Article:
Home News & Insights Receivers and Receiverships in Texas
February 2, 2024
Receivers and Receiverships in Texas
By Gregory S. Milligan, CTP , Erik White, CIRA

The appointment of a receiver to add independence and objectivity to maximize value in various business situations is becoming more commonplace in Texas.  As people recognize the benefits of a receivership in Texas, professional receivers have become more skilled and plentiful.  Similarly, as courts become more experienced with receivership cases, the results have become more efficient and predictable; therefore, the receivership remedy is more likely to be used.

Texas is currently experiencing growth in each of these areas:

  • Total number of receivership cases filed, including an increase in the dollar amount in controversy;
  • The number of financial and/or legal professionals who specialize in serving as a receiver, and
  • The number of courts in different jurisdictions across the state presided over successful receivership cases.

This article expands upon our prior piece, Unlocking the Essential: What is Receivership? to provide further practical experiences regarding receiverships and the role of court-appointed receivers.

Receiverships can occur across various industries to address the diverse and complex financial and legal challenges businesses (and their owners) may face. Below are several sectors to illustrate the broad applicability of receiverships Texas.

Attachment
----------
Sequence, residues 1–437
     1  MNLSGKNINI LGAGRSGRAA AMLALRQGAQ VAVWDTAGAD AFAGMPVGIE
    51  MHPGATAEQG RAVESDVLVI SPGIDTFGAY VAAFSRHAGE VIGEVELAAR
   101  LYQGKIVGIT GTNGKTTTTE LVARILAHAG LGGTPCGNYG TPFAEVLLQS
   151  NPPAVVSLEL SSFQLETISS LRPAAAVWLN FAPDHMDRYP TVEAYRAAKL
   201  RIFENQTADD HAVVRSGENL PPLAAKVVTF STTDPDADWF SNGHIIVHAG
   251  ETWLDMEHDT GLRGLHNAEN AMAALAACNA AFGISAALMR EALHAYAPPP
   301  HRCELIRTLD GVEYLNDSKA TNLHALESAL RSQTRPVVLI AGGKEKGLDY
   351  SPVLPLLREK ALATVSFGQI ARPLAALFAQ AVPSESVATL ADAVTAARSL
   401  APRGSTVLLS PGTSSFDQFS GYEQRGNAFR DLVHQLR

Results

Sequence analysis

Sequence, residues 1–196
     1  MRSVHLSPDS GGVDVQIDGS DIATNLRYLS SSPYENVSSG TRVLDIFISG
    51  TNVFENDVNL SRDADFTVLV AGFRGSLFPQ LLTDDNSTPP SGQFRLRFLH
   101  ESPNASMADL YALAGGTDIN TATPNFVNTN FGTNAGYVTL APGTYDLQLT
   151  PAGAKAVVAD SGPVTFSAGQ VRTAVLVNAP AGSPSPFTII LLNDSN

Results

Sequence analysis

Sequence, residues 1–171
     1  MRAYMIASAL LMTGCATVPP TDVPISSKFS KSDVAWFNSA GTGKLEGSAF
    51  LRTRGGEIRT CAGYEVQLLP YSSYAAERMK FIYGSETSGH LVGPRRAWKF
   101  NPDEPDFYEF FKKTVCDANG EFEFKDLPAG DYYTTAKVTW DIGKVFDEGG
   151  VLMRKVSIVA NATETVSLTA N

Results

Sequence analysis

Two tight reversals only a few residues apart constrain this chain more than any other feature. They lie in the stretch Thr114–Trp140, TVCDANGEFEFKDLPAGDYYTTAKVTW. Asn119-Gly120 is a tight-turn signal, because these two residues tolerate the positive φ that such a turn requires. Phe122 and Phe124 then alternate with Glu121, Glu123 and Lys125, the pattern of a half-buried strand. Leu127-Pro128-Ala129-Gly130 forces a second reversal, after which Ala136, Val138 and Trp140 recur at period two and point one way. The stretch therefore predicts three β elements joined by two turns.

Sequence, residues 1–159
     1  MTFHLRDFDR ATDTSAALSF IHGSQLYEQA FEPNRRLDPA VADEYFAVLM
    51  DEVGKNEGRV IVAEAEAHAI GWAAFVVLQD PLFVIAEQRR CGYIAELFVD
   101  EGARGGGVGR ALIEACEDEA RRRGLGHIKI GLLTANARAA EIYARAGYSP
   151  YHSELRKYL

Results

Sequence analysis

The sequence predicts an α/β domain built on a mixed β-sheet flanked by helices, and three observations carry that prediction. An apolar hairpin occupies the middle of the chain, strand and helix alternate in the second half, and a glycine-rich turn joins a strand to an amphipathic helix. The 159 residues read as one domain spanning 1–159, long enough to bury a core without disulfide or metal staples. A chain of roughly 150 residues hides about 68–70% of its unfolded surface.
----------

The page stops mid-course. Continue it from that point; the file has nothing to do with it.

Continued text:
• Real Estate Development: In real estate, a property or development project may encounter financial difficulties, leading to a court-appointed receiver to manage and oversee the property until financial stability is restored or the project is sold.
  • Healthcare and Senior Living: Healthcare providers facing financial distress may undergo receiverships to ensure the continued operation of critical medical services while addressing financial challenges.
  • Manufacturing and Industrial Sectors: Manufacturing companies facing insolvency or financial mismanagement might utilize receiverships to navigate the complexities of asset management and ongoing operations.
  • Financial Services: Financial institutions grappling with insolvency or regulatory issues may go into receivership to protect the interests of depositors and stakeholders while resolving financial challenges.
  • Hospitality and Tourism: Hotels or tourism-related businesses facing economic downturns or unforeseen challenges may undergo receiverships to navigate the industry’s complexities and protect the interests of creditors.
  • Technology and Startups: Even in the innovative world of technology, startups facing financial difficulties may enter receiverships, allowing for the orderly management of assets and potential restructuring.
  • Oil and Gas Industry: The cyclical nature of the oil and gas industry may lead companies to utilize receiverships when facing challenges such as fluctuating commodity prices or regulatory hurdles.
  • Retail and Consumer Goods: Retail businesses encountering financial distress or operational issues may undergo receiverships to manage inventory, protect creditors, and ensure the continuity of business operations.
  • Transportation: With the volatility of fuel prices and persistent increases in labor rates and insurance expenses, trucking and other transportation companies facing financial setbacks may undergo receiverships to manage ongoing operations and maximize the return to all stakeholders.

Legal Requirements for Appointing A Receiver in Texas

Case law in Texas states that “the appointment of a receiver is an extraordinary remedy.”  A receiver may only be appointed when the facts show receivership is reasonably necessary to protect property in litigation that is likely to be lost, removed, or materially injured. Below are some of the more common practical or procedural questions implicated by the appointment of a receiver.

Types of Responsibilities of A Court-Appointed Receiver in Texas